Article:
Ask most working parents what makes family life hard, and you get two responses: Not having paid leave from work and figuring out how to pay for child care.
Paid family leave and affordable child care have become hot topics as advocates have pushed for more supportive state and federal laws, and private-sector employers have bolstered their family-friendly benefits to attract Millennial talent.
Hillary Clinton has taken note. And as of this week, so has Donald Trump.
Each has proposed what they'd like to do to help parents with child care issues.
What Clinton would do
Clinton has made several proposals. Her three main ones are:
Capping the cost of child care: Under her plan, families would not pay more than 10% of their income in child care costs.
In addition, she has pledged to increase access to on-campus child care for parents who are going to college. The Clinton campaign estimates that will benefit 250,000 children.
She'd provide these benefits through government subsidies and various forms of tax relief that she has yet to detail.
Guaranteeing paid family leave: Under the Family and Medical Leave Act, a majority of U.S. workers have the right to take up to 12 weeks of unpaid leave to care for a new child or to attend to a family member's serious medical needs or their own.
But only a small percentage of employers pay workers during their leave.
As a result, roughly 25% of new mothers and far more new fathers can't afford to take off more than two weeks when they have a baby.
Clinton wants to guarantee that 12 weeks be paid with at least two-thirds of a worker's current wages up to a cap.
She would fund that pledge by imposing higher taxes on the rich.
Right now, only 60% of workers are eligible for FMLA unpaid leave because the law doesn't cover businesses with fewer than 50 employees. Clinton's campaign has not yet specified what size employers, if any, she would exempt from her guaranteed paid family leave plan.
Universal Pre-K: In many places, until a child enters kindergarten at age 5, working parents must pay for daycare, a babysitter or tuition for preschool, which research shows can help children educationally and developmentally.
But preschool can be cost prohibitive for lower-income families.
Clinton wants to provide high-quality pre-K education for all 4-year-olds in the country. The plan would be rolled out over 10 years.
States would receive new federal funding to expand access to such programs. And Clinton proposes to pay for it by increasing taxes on high-income households.
Child care advocates applaud the idea, but would prefer that pre-K extend to 3-year-olds as well, and that childcare workers be paid a living wage.
What Trump would do
Donald Trump on Monday said he'd offer a tax break to parents who pay for child care.
The average cost of full-time child care nationally is over $17,000 for an infant and over $12,000 for a 4-year-old, according to ChildCareAware of America. Costs vary widely by state.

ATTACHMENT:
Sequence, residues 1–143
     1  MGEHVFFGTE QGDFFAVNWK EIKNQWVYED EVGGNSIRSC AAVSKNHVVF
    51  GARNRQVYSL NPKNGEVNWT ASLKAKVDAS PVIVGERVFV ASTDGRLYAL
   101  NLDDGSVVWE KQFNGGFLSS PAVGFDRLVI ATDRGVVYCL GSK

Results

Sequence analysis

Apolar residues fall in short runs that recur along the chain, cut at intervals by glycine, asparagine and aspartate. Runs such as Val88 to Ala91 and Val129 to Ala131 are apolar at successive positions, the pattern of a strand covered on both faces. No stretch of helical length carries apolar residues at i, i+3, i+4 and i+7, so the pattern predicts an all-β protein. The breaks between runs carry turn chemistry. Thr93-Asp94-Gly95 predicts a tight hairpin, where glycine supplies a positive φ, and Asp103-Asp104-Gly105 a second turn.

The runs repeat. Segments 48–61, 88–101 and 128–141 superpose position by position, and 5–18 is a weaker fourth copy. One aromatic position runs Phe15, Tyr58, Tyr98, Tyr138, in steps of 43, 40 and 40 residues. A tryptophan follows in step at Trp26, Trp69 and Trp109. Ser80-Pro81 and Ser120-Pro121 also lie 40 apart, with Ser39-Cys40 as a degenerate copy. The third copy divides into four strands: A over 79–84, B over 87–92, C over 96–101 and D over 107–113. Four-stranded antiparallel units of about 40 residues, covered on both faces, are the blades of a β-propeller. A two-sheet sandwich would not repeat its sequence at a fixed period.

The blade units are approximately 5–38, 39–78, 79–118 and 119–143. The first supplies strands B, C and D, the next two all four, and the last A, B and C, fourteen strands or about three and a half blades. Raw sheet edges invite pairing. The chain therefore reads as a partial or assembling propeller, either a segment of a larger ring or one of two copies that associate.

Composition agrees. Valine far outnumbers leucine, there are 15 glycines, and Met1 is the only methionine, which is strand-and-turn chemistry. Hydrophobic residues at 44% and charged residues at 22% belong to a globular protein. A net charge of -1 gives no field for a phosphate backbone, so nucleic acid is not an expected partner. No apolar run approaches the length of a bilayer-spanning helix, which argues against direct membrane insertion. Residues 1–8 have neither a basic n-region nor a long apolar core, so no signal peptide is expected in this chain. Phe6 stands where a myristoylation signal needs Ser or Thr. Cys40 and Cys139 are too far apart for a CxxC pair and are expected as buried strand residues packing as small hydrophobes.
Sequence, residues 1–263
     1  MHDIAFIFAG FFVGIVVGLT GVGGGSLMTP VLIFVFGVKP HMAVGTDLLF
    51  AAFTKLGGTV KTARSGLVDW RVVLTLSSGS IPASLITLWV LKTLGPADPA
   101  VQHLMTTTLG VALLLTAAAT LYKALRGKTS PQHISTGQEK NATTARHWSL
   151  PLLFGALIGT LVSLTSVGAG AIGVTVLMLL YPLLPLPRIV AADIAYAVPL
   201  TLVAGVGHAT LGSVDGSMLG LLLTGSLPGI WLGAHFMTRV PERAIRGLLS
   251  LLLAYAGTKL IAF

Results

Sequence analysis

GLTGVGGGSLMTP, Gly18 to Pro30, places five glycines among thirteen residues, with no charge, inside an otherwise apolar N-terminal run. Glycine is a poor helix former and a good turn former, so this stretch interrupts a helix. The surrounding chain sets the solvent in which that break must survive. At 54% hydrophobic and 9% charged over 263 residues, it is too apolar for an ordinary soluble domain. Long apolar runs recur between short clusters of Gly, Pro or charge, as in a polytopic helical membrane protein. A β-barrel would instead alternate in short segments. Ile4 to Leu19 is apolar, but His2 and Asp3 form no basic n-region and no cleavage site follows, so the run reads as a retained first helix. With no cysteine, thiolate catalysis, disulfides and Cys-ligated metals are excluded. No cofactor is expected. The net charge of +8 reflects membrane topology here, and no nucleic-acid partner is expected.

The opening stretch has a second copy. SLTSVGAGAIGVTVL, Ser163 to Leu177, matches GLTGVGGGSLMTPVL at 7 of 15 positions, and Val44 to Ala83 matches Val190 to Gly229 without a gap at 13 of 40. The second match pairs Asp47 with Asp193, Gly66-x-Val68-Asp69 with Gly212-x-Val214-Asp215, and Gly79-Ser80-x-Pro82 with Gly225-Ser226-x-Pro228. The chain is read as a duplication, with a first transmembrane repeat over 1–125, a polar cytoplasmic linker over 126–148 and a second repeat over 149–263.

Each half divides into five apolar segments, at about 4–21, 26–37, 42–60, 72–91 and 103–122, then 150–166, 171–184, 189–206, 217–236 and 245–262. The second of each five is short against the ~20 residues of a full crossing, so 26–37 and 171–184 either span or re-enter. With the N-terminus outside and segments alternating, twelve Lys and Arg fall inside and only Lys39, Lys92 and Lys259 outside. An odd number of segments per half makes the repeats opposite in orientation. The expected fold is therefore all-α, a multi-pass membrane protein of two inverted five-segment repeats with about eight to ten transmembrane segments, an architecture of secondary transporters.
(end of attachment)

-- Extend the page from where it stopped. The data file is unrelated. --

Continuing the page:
"My plan will ... help reduce the cost of child care by allowing parents to fully deduct the average cost of child care spending from their taxes," Trump said in a speech in Detroit.
There has been confusion among tax and child care experts as to how the break would work, because the candidate, the campaign and an outside economic adviser each described the break very differently. Critics assumed that the tax break would be more likely to benefit those who are well off.
The Trump campaign tried to clarify the issue to CNNMoney on Tuesday. While details are still being finalized, a spokesman confirmed the following:
-- Parents could write off the average cost of child care in their state for their child's age. Anyone with child care expenses who ends up owing income tax could take this benefit, even if they don't itemize their deductions.
-- Low-income filers, who often end up owing nothing in income tax, could instead take their deduction against their payroll taxes for Social Security and Medicare.
Despite these clarifications, tax experts still said the break as described may not benefit lower income parents very much for at least two reasons.
First, they have to pay child care costs throughout the year, so waiting until tax time for relief may be "too late to be much help for needy families," said Elaine Maag, a senior research associate at the Tax Policy Center.
Second, what low-income filers pay in payroll taxes is typically much lower than what they owe in child care costs. "If you earned $20,000 in a year, your share of payroll taxes would be about $1,500. That would be the maximum amount of money that could be delivered through a payroll tax deduction," Maag said.
It could be even less -- just $750 -- if an earlier statement from the campaign applies, she noted. That statement promised that parents could "exclude childcare expenses from half of their payroll taxes."